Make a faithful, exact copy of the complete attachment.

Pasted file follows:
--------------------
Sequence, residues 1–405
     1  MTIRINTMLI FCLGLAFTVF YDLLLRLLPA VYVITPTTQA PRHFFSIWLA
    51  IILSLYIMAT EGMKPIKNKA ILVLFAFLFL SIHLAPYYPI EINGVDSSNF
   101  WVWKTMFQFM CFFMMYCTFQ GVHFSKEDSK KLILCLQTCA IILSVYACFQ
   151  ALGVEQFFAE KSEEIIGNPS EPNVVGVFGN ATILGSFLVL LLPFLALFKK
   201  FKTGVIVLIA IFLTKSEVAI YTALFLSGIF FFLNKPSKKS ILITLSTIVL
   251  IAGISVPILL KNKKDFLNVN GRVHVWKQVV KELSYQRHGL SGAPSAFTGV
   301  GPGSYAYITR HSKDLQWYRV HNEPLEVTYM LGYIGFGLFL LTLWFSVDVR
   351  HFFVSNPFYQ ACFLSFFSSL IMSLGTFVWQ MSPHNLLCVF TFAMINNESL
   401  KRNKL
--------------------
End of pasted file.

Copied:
Sequence, residues 1–405
     1  MTIRINTMLI FCLGLAFTVF YDLLLRLLPA VYVITPTTQA PRHFFSIWLA
    51  IILSLYIMAT EGMKPIKNKA ILVLFAFLFL SIHLAPYYPI EINGVDSSNF
   101  WVWKTMFQFM CFFMMYCTFQ GVHFSKEDSK KLILCLQTCA IILSVYACFQ
   151  ALGVEQFFAE KSEEIIGNPS EPNVVGVFGN ATILGSFLVL LLPFLALFKK
   201  FKTGVIVLIA IFLTKSEVAI YTALFLSGIF FFLNKPSKKS ILITLSTIVL
   251  IAGISVPILL KNKKDFLNVN GRVHVWKQVV KELSYQRHGL SGAPSAFTGV
   301  GPGSYAYITR HSKDLQWYRV HNEPLEVTYM LGYIGFGLFL LTLWFSVDVR
   351  HFFVSNPFYQ ACFLSFFSSL IMSLGTFVWQ MSPHNLLCVF TFAMINNESL
   401  KRNKL